Home. It can take a while to get there, but how sweet it is! The journey to LA was long. We had our A380 loaded and on the runway in Dubai at 9 am. We taxied into position and were next. Well, not exactly. Lights started flashing in the cockpit and other pilots confirmed their message. We had at least one flat tire, maybe two. That stinks.

Back to the gate.

They can’t fix a flat with a fully loaded plane, so they offloaded some cargo. Yet, no crews were available. Too busy. So, we get to wait. And wait. And wait. Four hours later we were back on the tarmac for our successful launch into the atmosphere. We hadn’t left the plane. Our home for 16 hours was now our home for 20 hours.

But what kept me sane were the thoughts of the medical mission. Especially how it ended on Friday. I couldn’t believe the massive effort the church put in to honor this milestone in the history of the clinic. The closing ceremony was very touching. Let me give you a taste of that afternoon. And remember, all of this speaks to the importance of the medical mission to the life and outreach of the church.

It began with a quick walk out to the road, where, during a light sprinkle, we planted a mango tree, with heavenly showers of blessing. That tree will remind generations to come of what God has done in 10 clinics. The Muslim Mayor of Bombo Town spoke at the tree planting and then at the ceremony which regrouped inside the still unfinished new cathedral.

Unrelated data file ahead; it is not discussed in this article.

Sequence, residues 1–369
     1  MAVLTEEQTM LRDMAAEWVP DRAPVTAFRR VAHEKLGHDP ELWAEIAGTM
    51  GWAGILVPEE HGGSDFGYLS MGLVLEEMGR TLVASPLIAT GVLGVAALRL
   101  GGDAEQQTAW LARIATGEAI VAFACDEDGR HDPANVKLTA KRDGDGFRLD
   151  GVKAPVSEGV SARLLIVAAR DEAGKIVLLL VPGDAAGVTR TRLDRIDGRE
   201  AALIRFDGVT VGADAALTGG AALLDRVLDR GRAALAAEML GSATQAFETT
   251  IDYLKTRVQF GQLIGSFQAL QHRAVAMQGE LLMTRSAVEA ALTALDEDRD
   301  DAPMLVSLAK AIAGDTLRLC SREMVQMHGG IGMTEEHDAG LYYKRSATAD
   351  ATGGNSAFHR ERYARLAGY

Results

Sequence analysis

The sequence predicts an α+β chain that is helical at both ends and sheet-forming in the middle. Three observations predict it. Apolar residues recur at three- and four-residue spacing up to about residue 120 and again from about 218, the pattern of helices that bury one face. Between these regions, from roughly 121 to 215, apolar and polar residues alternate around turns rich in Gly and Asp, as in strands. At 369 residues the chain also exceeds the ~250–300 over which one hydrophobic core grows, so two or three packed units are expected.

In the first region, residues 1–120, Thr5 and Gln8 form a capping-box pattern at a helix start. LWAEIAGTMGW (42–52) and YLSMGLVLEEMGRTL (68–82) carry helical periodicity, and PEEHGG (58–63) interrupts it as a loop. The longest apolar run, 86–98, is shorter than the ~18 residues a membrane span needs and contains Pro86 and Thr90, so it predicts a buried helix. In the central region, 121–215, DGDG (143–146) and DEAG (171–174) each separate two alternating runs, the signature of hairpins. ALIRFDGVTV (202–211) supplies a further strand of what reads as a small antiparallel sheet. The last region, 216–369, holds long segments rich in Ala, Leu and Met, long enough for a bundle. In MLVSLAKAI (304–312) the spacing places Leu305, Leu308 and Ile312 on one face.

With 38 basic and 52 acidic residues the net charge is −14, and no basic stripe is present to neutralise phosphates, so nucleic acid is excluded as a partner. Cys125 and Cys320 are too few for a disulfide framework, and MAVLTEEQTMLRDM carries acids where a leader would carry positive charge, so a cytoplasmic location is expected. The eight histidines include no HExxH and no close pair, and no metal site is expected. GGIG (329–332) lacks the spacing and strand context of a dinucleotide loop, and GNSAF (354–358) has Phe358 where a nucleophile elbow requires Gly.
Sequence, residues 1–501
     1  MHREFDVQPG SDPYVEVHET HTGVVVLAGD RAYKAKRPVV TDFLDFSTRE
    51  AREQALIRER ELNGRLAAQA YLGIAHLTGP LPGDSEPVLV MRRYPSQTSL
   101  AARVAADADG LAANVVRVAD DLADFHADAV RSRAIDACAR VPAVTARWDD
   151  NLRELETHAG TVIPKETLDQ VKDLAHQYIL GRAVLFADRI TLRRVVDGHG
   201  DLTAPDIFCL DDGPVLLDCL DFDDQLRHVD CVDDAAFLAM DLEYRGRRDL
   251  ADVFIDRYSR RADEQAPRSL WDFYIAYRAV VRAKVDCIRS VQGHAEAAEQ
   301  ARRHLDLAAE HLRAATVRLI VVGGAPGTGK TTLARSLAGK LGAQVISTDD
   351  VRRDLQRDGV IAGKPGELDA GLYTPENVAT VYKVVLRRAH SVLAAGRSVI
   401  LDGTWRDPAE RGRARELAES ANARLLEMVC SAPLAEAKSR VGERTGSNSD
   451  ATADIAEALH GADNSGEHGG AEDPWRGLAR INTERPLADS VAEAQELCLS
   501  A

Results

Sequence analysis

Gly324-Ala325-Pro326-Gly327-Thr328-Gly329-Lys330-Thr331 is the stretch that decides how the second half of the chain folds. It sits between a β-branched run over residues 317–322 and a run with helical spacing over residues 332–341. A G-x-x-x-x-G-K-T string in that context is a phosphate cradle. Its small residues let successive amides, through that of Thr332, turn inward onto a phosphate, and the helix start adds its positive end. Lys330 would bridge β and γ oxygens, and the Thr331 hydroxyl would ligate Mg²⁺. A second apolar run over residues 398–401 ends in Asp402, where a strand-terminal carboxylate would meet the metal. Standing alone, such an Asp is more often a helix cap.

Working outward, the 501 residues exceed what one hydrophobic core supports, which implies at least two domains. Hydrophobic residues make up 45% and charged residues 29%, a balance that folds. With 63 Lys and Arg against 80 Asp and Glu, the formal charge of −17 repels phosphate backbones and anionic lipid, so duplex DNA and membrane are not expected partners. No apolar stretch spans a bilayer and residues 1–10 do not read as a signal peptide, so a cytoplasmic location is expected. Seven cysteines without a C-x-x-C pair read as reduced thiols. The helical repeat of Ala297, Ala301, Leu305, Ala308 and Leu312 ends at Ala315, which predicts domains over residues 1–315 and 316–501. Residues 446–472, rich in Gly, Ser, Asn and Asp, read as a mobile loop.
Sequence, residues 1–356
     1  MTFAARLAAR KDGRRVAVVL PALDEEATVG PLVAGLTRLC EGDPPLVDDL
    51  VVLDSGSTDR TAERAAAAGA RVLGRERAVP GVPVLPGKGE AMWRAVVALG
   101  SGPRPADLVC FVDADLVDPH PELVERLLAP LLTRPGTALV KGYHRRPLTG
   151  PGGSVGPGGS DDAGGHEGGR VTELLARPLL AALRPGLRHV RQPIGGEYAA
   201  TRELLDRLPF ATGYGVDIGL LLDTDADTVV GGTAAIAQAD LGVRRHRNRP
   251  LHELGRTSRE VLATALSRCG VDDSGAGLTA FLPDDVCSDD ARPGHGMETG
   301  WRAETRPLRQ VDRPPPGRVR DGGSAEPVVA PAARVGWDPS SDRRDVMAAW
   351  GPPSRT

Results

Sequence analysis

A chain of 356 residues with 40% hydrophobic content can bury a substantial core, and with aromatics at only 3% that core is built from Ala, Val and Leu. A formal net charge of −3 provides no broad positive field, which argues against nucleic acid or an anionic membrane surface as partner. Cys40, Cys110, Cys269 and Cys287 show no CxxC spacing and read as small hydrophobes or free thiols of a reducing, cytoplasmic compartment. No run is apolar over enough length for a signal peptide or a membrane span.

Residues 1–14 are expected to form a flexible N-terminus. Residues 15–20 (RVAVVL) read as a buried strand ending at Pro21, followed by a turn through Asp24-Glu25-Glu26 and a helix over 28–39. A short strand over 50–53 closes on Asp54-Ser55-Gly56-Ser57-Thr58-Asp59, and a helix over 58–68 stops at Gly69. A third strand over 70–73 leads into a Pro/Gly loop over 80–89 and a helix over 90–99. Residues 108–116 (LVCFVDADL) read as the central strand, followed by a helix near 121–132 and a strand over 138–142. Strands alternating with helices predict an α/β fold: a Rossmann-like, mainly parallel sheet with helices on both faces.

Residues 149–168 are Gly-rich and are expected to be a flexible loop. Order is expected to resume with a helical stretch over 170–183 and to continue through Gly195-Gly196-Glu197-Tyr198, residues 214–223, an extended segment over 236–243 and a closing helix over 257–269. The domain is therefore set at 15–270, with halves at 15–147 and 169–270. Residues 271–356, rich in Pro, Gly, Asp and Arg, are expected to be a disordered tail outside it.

There were a series of speeches and a time to honor each organization who had sent a team to serve during the clinic. It takes a lot of people to pull this off, no doubt. And then for Peninsula, they had created an original piece of art, which they presented to me. Dr. Popoola received an identical piece for Operation Healthy Africa. I did some research on the piece, and it is done by a prominent Ugandan artist — and it is stunning. In Kampala, I got it wrapped up — twice — and then again at the airport, so it made it home safe and sound, without a scratch. Now we must find it a permanent home!

But that’s not all. Under a smaller tent (dark clouds continued to threaten the event), they had put out probably 15-20 round cakes cascading all over the table. At the appropriate time, they “cut” the central cake. As we counted to 10, sparklers went off in the middle of it all, and after the sparklers, confetti. It was stunning. It was significant. Then they packed up a cake for each of the teams and sent them home with their own cake. It was thoughtful and impressive.

The afternoon began with “To God Be the Glory” and ended with Ugandan dancers — all to the glory of the Savior. Peninsula is making a difference in that little corner of the world. About that, I have no doubt. We must be faithful.